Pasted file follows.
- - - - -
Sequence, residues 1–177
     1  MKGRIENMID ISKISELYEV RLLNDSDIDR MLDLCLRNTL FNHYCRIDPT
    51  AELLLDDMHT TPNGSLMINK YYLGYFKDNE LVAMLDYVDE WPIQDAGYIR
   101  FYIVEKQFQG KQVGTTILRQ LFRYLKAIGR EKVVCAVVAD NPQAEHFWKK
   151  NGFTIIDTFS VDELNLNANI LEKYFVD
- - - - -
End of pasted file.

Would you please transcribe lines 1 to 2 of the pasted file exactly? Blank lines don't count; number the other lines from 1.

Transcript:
Sequence, residues 1–177
     1  MKGRIENMID ISKISELYEV RLLNDSDIDR MLDLCLRNTL FNHYCRIDPT